UBC Faculty Research and Publications

Invasive Species as Rivals: Invasive Potential and Distribution Pattern of Xanthium strumarium L. Ullah, Rafi; Khan, Nasrullah; Hewitt, Nina; Ali, Kishwar; Jones, David Aaron; Khan, Muhammad Ezaz Hasan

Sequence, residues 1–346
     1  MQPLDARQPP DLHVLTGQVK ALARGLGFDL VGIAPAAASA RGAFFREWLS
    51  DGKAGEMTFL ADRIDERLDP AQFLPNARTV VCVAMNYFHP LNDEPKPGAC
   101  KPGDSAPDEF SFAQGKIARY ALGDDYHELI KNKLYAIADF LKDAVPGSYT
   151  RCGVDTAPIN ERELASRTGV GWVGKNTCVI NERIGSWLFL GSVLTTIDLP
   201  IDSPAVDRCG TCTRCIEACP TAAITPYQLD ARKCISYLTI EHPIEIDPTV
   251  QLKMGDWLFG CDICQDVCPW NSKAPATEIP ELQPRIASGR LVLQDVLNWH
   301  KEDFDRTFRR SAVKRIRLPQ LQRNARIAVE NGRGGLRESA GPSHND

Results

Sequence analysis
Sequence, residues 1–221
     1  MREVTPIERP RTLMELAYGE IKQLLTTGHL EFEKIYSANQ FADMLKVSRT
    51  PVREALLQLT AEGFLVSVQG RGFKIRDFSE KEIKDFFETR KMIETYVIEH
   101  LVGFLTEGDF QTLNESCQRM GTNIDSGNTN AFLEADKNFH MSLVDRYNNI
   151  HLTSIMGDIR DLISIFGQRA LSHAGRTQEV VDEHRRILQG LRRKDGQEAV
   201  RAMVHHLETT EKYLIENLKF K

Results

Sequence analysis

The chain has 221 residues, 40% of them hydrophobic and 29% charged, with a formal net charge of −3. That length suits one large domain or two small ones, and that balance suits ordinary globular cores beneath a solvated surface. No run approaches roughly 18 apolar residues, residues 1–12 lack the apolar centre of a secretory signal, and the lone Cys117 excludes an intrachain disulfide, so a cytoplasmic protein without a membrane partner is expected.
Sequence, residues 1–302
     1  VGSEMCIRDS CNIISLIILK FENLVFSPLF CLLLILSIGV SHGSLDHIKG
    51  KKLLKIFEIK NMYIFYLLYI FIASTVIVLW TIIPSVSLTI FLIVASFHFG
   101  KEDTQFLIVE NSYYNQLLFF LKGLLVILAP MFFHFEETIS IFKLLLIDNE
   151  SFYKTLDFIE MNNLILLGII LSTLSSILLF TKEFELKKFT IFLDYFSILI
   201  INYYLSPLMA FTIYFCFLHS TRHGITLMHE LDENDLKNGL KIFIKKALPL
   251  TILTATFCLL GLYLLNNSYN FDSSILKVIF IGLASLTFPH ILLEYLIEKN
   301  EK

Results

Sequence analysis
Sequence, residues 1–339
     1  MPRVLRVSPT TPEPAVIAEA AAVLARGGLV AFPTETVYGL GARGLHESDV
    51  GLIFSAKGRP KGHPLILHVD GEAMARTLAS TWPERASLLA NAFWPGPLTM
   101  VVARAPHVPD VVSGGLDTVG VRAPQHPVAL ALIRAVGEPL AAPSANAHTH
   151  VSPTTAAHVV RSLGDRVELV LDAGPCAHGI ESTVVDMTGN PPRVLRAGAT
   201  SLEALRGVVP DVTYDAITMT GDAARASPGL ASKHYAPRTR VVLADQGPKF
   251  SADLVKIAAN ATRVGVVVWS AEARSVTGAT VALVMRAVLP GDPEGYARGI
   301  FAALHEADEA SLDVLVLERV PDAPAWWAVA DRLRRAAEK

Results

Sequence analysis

Xanthium strumarium L. is a globally successful invasive herb that has had significant negative ecological, economic and social impacts in many world regions. The present study was therefore conducted to evaluate the invasive potential and spatial distribution patterns of X. strumarium in heavily invaded plant communities of the semiarid regions of northern Pakistan. Investigations were based on data from 20 plants grown in the Herbarium at the University of Malakand, and from observations in 450 plots distributed across 45 stands representing habitats across Northern Province including open fields, hillocks and abandoned areas in both urban and rural areas. Multivariate analysis identified elevation, organic matter and organic carbon as the environmental variables most associated with communities invaded by X. strumarium. Increased soil silt was positively associated and available water was negatively associated with X. strumarium–invaded communities. These key environmental characteristics allowed us to identify four main associations: Group I: X. strumarium-C. sativa, Group II: X. strumarium-P. hysterophorus, Group III: X. strumarium-A. aspera and Group IV: X. strumarium-C. sativa. Other invasive species were observed, either exotic, such as P. hysterophorus, or indigenous, such as C. sativa and D. inoxia, often co-occurring and responding similarly to these factors. The results suggest that high temperature with drought stress could be a determinant of increasing population at lower elevations, whereas colder climates with adequate moisture are related to reduced populations at higher elevations, near the species’ upper range limits. It is recommend that the inclusion of appropriate, additional soil and climatic variables in species distribution models be implemented in order to better explain species’ ecological niches and help guide conservation and protection plans for native plant communities.

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